Thursday October 2nd, 2008

The problem for the NBA in trying to deal with its referee scandal is that the league won't be credited for its efforts. The more David Stern tries to create solutions, the more the public will be reminded of the problem.

It is not unlike the attempts by track and field to test for performance-enhancing drugs in the era of Ben Johnson. Instead of being applauded for trying to clean up the mess, the positive drug tests served to deepen impressions that the whole sport was dirty. In the meantime, other leagues benefited by ignoring drug problems for as long as possible. The argument can be made that Mark McGwire and Sammy Sosa rescued baseball while they were all juiced up, raising the popularity of the sport to such a high point that it has been able to withstand the subsequent disgrace of its steroid age.

Here is the main thing I learned from the independent report on the Tim Donaghy scandal released Thursday: Of the 200 people interviewed by Lawrence Pedowitz's law firm, not one of them had a clue Donaghy was betting on the NBA games he refereed while providing insider information to fellow gamblers. This tells me that if another Tim Donaghy comes along, there may be no stopping him either.

Donaghy told federal investigators that he didn't alter his officiating based on his wagers. So he had it both ways, in other words: He made money off his bets without harming the integrity of the play on the court.

A lot of the smart money in this country is going to find that one hard to believe.

It was in the best interests of the league to conclude that no other referees were involved in this scandal, and that the outcomes of the games were not influenced by Donaghy. On both counts the report finds in favor of the NBA.

When Pedowitz reviewed 17 NBA games that had been brought into question by Donaghy, the investigator relied on the counsel of three NBA executives -- director of referee development Ronnie Nunn, VP of basketball operations and officiating performance analysis Paul Brazeau, and VP/director of officials Bernie Fryar -- who reviewed video of Donaghy's work to the conclusion that he had not changed calls in order to win bets. This was a crucial verdict on behalf of the NBA. I am in no way besmirching the integrity of Nunn, Brazeau and Fryar when I point out the obvious conflict: It was in the best interests of their employer that Pedowitz should conclude there was no game-fixing involved.

I asked the commissioner during his news conference Thursday about whether the NBA was in effect policing itself. Here is Stern's entire answer: "We encouraged Mr. Pedowitz to review that review. So he participated in the review, as well. And I can assure you that the instructions that went out to the people who were doing the reviewing, and by the way the tapes were turned over to the FBI and the Justice Department for their review; so we were pretty much feeling a good handle on that, and we subjected each of our reviewers to cross-examination by Mr. Pedowitz as well.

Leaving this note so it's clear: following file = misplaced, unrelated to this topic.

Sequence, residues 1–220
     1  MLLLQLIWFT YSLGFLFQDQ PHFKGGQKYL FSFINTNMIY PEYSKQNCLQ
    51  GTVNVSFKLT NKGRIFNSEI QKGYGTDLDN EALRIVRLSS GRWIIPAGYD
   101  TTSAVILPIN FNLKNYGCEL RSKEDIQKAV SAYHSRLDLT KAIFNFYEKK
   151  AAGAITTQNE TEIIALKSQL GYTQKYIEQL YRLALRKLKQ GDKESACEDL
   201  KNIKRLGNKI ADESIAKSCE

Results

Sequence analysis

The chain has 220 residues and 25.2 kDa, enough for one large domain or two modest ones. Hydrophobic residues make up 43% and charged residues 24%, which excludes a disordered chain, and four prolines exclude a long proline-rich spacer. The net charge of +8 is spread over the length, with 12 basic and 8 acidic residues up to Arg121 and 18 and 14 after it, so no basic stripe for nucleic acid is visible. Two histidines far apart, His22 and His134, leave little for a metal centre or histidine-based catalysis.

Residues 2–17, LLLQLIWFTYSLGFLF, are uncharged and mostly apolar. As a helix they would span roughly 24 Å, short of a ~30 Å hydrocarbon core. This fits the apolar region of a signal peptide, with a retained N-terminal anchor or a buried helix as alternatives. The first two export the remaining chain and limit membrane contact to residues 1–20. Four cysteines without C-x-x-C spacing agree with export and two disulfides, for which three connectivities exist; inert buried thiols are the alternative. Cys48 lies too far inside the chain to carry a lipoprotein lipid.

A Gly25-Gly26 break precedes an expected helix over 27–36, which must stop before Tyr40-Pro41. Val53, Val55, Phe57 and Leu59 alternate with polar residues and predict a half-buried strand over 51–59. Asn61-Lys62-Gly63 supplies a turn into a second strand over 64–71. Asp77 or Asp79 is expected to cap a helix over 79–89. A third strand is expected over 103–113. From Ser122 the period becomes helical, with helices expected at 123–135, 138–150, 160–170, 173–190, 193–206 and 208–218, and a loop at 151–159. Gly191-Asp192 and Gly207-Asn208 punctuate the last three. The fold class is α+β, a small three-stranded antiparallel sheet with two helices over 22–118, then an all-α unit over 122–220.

"So there was a community of interest that was designed to get to the facts as best we possibly could. And we also had observer reports from those games and pre-existing reviews on a correct and incorrect basis. So there was a pretty extensive set of reviews done on those games.

"We start with the FBI and the Department of Justice, U.S. Attorney's Office -- they're part of the Department of Justice -- but the U.S. Attorney's Office and the FBI investigating for the very same thing you're talking about, and then we checked it against our own observer review. Then we did an independent deep dive under Larry Pedowitz's supervision, and subject to his cross-examination.

"So I don't know what to argue to you or tell you. And we don't profess to a degree of certainty; all we say is that we found no reason to conclude that the U.S. Attorney and the FBI were incorrect in their finding that there was no criminal activity about game manipulation, period. So there were multiple sets of reviews.''

As Pedowitz writes, Donaghy told federal investigators that he didn't alter his officiating because he didn't want to be caught by his supervisors. This might very well have been true.

Moving forward, the NBA is promising to be more transparent in its oversight of officiating. Referees may give interviews after games, fans will have access to more information, and a hotline will be created for players, coaches, referees and others to provide anonymous information on suspicious activities.

I've been arguing for a long time that the NBA should use this scandal to create an entirely new relationship between pro sports and betting. All of the leagues in our country have maintained an old-world approach to gambling based on the 1919 Black Sox scandal. It sounds as if Stern has seen the light.

"It's clear to me as more and more money is bet on a global scale on sports -- and it doesn't seem to be going down, it's only going one way, up, and more legalized than ever before -- that the review of data of all types is going to be institutionalized, almost like computer programs having to do with the stock market,'' Stern said. "So edges are going to be looked for and people are going to have filters and the like.

"I just think that we all in sports have to be mindful that everything we do, and the circumstances that are within our control, are going to be the subject of extreme analysis, and particularly an analysis that can be affected, impacted or moved by statistical data. I'd say that's the wake-up call for all sports on an ongoing basis.''

And yet the next time there is a questionable call, the sports bettors throughout America will be reminded of Tim Donaghy much the same as fans of another sport incessantly recall the legacy of Ben Johnson.

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